Proactive measures

Neukrug, the former head of the Philadelphia Water Department, said policymakers including the DRBC need to be thinking about advocating population retreat from flood-prone areas like river towns or coastal resorts. They should also be considering whether to rebuild roads in vulnerable places and looking at investment in backup facilities for drinking- or wastewater plants that may get overwhelmed by floodwaters from future megastorms, he said.

His panel, which met for the first time in August 2020, has focused initially on how sea-level rise will affect the Delaware River, which is tidal as far upstream as Trenton. Water-supply experts are concerned that rising sea levels will push a line of saltwater close to the river’s drinking water intakes at Delran and in northeastern Philadelphia. Possible saltwater contamination has raised the idea that it might be necessary to move the water intakes further upstream, or to build desalination plants, he said.

Credit: (AP Photo/Eduardo Munoz Alvarez)
Sept. 2, 2021: One residence at the Oakwood Plaza Apartments complex in Elizabeth after Tropical Storm Ida swept through

The DRBC, which regulates water flows among the four basin states of New Jersey, New York, Pennsylvania and Delaware, can control water volumes by allowing releases from upstream reservoirs, Neukrug said. But water quality for the approximately 15 million people who depend on the basin’s watershed is determined also by the states and hundreds of local authorities that control land use, and may not be as cognizant of the effects of climate change, he said.

“It’s much bigger than an organization that’s responsible for storm management on the river,” he said.

‘Something terrible happened … and we need to hold on to this, and use it as a base for speeding up solutions’

Part of the huge challenge of climate adaptation in the Delaware River Basin could be addressed by an expected influx of federal infrastructure dollars, Neukrug said, but he urged policymakers to ensure that the money is spent on sustainable projects.

“We need to think about how to spend these extremely large amounts of money in a way that is equitable and recognizes that some roads and some buildings should not be rebuilt where flooding has already occurred,” he said.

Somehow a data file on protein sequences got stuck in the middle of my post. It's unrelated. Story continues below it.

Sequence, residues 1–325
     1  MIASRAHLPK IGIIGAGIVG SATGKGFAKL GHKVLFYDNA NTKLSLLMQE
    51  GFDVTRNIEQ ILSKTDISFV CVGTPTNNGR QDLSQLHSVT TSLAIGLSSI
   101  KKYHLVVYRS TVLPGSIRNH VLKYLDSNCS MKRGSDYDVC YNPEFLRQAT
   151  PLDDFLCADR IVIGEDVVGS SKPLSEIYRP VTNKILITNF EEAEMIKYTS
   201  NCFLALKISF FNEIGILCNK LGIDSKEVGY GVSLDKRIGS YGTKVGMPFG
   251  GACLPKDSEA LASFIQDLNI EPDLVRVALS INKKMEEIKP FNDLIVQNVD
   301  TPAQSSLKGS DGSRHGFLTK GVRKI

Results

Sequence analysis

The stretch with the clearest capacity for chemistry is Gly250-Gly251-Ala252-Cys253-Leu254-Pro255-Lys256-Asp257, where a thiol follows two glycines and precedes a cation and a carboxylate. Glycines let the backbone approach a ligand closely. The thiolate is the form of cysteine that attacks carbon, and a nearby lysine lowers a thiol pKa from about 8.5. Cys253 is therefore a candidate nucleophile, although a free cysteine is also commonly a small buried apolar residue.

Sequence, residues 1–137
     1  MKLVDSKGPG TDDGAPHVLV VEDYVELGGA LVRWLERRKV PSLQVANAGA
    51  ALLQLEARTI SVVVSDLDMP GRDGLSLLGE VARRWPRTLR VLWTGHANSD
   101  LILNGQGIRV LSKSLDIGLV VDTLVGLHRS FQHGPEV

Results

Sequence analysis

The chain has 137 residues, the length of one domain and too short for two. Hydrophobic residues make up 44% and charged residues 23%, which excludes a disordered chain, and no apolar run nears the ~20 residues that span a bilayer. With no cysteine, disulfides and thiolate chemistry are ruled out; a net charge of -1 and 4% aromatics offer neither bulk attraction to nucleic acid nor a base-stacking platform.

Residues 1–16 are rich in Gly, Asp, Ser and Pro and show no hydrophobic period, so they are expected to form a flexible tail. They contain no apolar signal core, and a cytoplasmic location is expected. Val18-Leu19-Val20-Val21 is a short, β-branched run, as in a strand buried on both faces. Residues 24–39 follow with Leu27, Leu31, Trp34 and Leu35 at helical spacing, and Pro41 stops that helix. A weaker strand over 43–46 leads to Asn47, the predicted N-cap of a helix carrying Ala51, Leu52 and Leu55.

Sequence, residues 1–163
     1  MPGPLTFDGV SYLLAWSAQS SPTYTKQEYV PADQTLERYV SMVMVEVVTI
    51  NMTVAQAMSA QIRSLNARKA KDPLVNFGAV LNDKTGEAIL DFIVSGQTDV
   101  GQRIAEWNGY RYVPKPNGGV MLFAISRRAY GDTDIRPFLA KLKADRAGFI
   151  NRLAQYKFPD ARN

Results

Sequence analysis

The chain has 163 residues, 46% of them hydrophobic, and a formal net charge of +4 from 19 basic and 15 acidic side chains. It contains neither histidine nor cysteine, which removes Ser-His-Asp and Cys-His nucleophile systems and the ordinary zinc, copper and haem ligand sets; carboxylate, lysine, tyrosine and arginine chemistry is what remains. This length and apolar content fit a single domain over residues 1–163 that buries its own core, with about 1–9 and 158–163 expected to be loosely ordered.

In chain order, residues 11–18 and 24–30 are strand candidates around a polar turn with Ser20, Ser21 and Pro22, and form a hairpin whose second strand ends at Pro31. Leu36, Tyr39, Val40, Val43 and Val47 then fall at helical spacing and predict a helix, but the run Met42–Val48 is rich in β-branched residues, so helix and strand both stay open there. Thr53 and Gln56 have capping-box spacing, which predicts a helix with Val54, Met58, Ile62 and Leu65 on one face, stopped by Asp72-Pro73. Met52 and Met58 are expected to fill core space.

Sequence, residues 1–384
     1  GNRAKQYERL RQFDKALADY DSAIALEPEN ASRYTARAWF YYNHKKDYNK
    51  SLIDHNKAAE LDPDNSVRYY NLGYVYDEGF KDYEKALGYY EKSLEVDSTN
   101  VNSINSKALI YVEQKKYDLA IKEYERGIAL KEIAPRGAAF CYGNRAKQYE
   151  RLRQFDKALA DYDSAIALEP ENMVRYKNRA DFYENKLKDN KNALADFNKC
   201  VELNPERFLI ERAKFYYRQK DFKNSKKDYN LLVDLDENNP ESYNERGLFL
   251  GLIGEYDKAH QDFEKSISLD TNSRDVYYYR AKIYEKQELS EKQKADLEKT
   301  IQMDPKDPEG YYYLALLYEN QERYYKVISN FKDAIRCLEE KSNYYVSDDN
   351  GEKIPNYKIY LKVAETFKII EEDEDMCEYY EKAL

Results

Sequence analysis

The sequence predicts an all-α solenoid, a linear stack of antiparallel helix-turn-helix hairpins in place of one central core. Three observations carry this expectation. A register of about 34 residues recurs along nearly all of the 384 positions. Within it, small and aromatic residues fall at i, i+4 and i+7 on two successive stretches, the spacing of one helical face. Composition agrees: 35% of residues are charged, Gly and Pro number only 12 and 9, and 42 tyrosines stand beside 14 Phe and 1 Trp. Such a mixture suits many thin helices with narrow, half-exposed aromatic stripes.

Neukrug hopes that planning for such changes, including by his committee, will speed up as a result of the shock of Ida. “Something terrible happened two days ago, and made us very aware, and we need to hold on to this, and use it as a base for speeding up solutions to this,” he said. “I’m hoping that the committee can help make this a teachable moment.”

For Jeff Tittel, former director of the New Jersey Sierra Club, Ida was just the latest in a series of wakeup calls that he said have yet to convince policymakers and the public to make fundamental lifestyle changes.

Fossil fuels, flood zones

Tittel, who was unable to return to his Lambertville home during Ida because of the flooding Delaware River, said he hopes the storm will lead to big changes like ending fossil-fuel use or preventing homes from being built in flood zones, but there’s no sign yet that it will.

“We keep having teachable moments, and many people get it but other people don’t get it or are too tied to the fossil fuel industry and don’t want to get it,” he said. “Things are happening at a much more alarming pace. It’s getting worse, and it’s getting worse faster than people have realized.”

‘How many times do we have to have these wakeup calls for not only the public but the government to get the seriousness of the problem?’

Tittel argued that the state isn’t doing enough to cut carbon emissions or to prepare New Jerseyans for a grim climate future, despite the Murphy administration’s embrace of the budding offshore wind industry, and its goal of reaching 100% clean energy by 2050.

Credit: (AP Photo/Eduardo Munoz Alvarez)
Sept. 3 2021: All that’s left of a house in Manville that exploded during the tornado that hit the region in Tropical Storm Ida

“Just building windmills and solar panels does not necessarily reduce greenhouse gases because you still have gas-fired power plants and pipelines being built, and automobiles, so we’re not really doing the mitigation to the level that is absolutely necessary to mitigate the damage from climate impacts,” he said.

Tittel, who ran the state’s Sierra Club for 23 years until he retired this year, said he’s angry about what he sees as insufficient action by the state to prevent another Ida or prepare the state for the next one.

“How many times do we have to have these wakeup calls for not only the public but the government to get the seriousness of the problem?” he said. “We’ve had these wakeup calls, the elected officials give their press conferences, and nothing really changes.”

Credit: (AP Photo/Eduardo Munoz Alvarez)
Sept. 2, 2021: In Somerville in the aftermath of Tropical Storm Ida